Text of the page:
Getting to assist my first responder groups in learning how to decrease stress, build resiliency, and reduce chaos is truly a joy…an honor I do NOT take lightly.
So what are some of the stressors that our first responder communities are facing today?
Sadly, the stressors that most of our first responders face will NOT be understood by the general public as they see and experience situations most of us thankfully will never be exposed to, however two of the biggest stressors most first responders face revolve around:
- First Responder Personal Safety: Where once violence acts towards our first responders were a rare occurrence, it now has become a daily occurrence. According to the National Law Enforcement Officer’s Memorial fund, here are the most recent law officer deaths in the United States:
- 2006: 156
- 2007: 192
- 2008: 149
- 2009: 125
- 2010: 161
- 2011: 171
- 2012: 131
- 2013: 109
- 2014: 122
- 2015: 123
- 2016: 132 (as of 11/25/16)
- Public Perception: Historically, first responder roles were considered a very noble and honorable position however today there are more Americans than ever before who don’t see this as being true (let me be clear…I didn’t say ALL people look at these positions in a negative light, but SOME do. There are many like me who will always consider it to be one of the most honorable and vital roles a person can serve in to help our communities to keep our communities at peace, stay safe and stay strong).
Social media has played a large part in these two stressors that plague our first responder organizations. Whether it is through terrorist groups using social media to recruit (information available through the FBI HERE), threats to first responders in general through targeted social media (information on officer safety and social media from FBI available HERE), or criminals using social media as a way to share only their side of the story which can leave our law enforcement folks feeling like their hands are tied.
So what are some first responder organizations doing to help with first responder personal safety and public perception?
Thankfully many of our first responder groups are starting to use social media as a tool to turn things around by connecting with communities as a way “humanize” the faces behind the uniforms, phones, and badges of our EveryDay Heroes.
Here are two of my favorite social media sites that have taken very intentional steps to engage and connect with their communities:
Lino Lino Lakes Police Department’s Facebook page: This group does a terrific job with interacting on social media with their community members. Here is an example of a Facebook post from 11/11/16 that took a very serious subject and presented it in a way that resulted in 171 shares and over 660 likes:
- We heard a new excuse for driving over 4 times the legal limit and hitting two vehicles at a stop light Wednesday afternoon. The driver said, “I am upset over the outcome of the election and you should let me go home”. It didn’t work; the driver was arrested and booked for 3rd Degree DWI. Thank God injuries were minor.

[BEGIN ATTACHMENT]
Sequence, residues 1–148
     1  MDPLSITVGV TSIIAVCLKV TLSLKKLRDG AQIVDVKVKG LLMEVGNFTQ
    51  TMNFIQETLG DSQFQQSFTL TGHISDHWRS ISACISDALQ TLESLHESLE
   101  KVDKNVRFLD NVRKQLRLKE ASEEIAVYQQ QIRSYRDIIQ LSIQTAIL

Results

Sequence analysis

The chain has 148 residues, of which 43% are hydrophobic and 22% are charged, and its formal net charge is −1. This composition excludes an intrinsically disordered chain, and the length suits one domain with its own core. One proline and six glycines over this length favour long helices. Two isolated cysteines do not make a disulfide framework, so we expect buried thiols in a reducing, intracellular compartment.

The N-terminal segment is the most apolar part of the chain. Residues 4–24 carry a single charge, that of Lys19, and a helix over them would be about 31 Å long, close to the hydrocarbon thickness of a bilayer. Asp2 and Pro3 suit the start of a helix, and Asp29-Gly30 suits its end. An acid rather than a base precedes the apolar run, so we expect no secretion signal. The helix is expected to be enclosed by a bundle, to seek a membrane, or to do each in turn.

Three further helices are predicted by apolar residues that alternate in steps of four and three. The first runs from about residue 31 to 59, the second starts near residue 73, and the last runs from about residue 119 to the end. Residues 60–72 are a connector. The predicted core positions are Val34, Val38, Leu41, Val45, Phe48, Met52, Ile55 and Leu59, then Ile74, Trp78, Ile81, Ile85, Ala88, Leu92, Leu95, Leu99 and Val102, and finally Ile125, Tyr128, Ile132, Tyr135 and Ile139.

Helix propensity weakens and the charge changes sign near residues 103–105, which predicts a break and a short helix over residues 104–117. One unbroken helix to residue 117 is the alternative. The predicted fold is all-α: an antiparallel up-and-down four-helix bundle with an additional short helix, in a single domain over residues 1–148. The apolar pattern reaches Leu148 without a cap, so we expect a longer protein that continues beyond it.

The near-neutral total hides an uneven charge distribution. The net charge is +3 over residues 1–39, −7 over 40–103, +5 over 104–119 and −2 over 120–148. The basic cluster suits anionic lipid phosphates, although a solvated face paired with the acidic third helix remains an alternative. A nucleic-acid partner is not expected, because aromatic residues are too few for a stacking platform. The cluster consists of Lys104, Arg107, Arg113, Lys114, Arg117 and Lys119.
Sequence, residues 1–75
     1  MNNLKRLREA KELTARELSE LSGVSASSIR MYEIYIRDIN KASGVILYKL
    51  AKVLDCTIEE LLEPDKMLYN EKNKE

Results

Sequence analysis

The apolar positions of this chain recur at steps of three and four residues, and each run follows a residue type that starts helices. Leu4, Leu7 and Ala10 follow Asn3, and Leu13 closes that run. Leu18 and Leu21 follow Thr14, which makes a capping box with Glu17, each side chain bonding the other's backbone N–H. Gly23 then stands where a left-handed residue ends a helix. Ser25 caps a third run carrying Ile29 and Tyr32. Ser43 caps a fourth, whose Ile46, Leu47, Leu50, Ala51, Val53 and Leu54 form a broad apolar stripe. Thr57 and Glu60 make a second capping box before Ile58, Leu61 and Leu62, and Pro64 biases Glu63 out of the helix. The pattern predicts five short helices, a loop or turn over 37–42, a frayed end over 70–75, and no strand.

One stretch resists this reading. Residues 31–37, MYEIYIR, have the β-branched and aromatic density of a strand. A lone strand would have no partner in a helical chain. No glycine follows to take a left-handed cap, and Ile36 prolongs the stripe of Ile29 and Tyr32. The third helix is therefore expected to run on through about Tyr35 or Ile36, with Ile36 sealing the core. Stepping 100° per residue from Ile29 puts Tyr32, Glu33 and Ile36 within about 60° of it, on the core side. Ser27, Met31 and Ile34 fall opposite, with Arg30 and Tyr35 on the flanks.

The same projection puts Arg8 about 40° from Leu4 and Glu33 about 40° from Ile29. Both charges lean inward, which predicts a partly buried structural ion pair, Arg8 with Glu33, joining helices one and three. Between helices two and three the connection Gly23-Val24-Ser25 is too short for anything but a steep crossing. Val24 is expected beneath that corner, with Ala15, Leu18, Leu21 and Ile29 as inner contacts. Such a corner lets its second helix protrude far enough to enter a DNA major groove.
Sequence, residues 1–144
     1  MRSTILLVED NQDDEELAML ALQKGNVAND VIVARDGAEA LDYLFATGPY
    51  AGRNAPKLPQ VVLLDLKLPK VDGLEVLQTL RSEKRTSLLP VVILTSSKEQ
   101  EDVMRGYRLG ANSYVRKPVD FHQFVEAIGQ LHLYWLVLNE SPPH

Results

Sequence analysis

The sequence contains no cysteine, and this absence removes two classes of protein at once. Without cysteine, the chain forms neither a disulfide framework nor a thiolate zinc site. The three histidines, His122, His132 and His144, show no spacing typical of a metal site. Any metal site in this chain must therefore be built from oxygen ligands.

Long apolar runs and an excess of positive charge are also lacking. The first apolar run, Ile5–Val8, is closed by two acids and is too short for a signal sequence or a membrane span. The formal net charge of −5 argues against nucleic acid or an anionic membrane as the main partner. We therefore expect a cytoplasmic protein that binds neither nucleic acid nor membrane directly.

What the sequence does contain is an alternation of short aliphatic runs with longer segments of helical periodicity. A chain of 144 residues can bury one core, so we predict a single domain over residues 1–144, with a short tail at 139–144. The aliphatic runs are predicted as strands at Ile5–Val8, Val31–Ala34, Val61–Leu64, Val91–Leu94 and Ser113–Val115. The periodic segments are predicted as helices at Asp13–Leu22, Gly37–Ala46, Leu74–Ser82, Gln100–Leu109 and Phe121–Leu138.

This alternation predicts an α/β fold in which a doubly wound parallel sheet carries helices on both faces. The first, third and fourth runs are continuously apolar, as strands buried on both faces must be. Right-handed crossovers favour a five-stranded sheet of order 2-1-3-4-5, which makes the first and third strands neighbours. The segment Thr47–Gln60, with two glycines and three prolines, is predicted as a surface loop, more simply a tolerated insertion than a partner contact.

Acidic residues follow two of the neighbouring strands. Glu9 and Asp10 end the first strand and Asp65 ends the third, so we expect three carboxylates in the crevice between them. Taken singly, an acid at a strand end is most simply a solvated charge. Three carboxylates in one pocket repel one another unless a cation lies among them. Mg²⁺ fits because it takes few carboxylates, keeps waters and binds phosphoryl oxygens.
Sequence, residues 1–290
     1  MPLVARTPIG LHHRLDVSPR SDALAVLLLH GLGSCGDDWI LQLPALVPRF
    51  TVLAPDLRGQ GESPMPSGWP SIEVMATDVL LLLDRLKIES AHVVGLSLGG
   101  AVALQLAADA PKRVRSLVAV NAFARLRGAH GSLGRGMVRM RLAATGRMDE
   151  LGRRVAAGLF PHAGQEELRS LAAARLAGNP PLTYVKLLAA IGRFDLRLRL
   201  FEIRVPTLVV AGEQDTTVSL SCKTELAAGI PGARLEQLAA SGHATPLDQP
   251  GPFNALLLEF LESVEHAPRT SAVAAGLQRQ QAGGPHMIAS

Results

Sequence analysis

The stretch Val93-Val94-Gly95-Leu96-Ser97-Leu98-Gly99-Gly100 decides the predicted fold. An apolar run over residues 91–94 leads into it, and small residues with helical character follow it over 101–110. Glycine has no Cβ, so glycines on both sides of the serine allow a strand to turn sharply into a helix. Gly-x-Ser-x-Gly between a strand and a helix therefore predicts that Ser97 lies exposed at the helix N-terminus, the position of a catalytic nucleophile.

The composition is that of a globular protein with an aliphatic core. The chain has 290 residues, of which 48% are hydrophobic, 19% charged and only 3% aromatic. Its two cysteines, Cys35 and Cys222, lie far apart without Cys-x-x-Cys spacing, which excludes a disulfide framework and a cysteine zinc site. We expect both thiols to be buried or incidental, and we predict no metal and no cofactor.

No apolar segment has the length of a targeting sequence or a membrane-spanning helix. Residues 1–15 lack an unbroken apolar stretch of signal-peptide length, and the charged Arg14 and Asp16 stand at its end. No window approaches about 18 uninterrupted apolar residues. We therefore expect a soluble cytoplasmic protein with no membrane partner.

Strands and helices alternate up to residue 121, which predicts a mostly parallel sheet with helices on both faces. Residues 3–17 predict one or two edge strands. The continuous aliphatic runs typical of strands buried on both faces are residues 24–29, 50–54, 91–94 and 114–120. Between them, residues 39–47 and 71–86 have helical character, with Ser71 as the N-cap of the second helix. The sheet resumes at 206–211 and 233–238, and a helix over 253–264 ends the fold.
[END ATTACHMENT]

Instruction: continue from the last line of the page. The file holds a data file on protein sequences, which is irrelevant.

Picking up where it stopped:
Chisago County Sheriff:
- Twitter Page: Their “Tweets from the Streets” segments are a hoot to follow even if you don’t live in the area as they are not only humorous, but are informative to those that live in the community.
- Facebook Page: Another thing they have done really well taking steps to use social media to “humanize” their team members so that the public can relate to the person behind the badge. In a recent Facebook post from 11/28/16, Sgt. Kyle Puelston wrote up a powerful story of a woman involved in a “verbal domestic” call. When she was offered a ride, instead of the woman being grateful for the assistance, she admitted she couldn’t accept because of her fear of law enforcement that stemmed from a Hollywood movie.
Rather than have a negative response to this, Sgt. Puelston took time to connect by sharing about his kids and their family’s involvement in doing foster care as a way to help kids that are in need of homes. Her response changed from fear to a personal connection.
Nothing about the situation or his job or who he was had changed…just her perception changed thanks to him taking time to connect. By sharing this Sgt sharing his story, he and his department are literally helping to change the public’s perceptions in powerful and positive ways.
So what can first responder groups who haven’t jumped on board with engaging social media learn from this?
- Know that change isn’t always easy for any organization.
- Change takes time, especially when it comes to topics such as how to use social media.
- The most successful and engaging social media platforms are those that have their team members on board so be sure to involve them whenever possible. I have seen the most skeptical of first responders become believers when they see the positive difference it can make to their communities and the perceptions of individuals.
- Lastly, know that efforts such as adopting engaging social media platforms can not only help communities connect and in the process grow stronger, but also help our first responders stay safer through getting the public on board with our teams.
For the first responder organizations that have adopted engaging and connecting social media platforms…KUDOS to each of you! Your efforts are making a positive impact!
What is your favorite first responder social media site and why?